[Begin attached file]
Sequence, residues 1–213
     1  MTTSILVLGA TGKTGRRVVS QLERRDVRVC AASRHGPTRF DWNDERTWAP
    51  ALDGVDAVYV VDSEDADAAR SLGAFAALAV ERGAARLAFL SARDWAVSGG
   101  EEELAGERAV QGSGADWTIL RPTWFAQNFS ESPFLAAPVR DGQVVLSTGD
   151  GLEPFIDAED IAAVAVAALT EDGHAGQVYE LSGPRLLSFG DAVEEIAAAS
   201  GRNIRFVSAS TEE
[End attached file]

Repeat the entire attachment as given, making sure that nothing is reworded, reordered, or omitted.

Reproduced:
Sequence, residues 1–213
     1  MTTSILVLGA TGKTGRRVVS QLERRDVRVC AASRHGPTRF DWNDERTWAP
    51  ALDGVDAVYV VDSEDADAAR SLGAFAALAV ERGAARLAFL SARDWAVSGG
   101  EEELAGERAV QGSGADWTIL RPTWFAQNFS ESPFLAAPVR DGQVVLSTGD
   151  GLEPFIDAED IAAVAVAALT EDGHAGQVYE LSGPRLLSFG DAVEEIAAAS
   201  GRNIRFVSAS TEE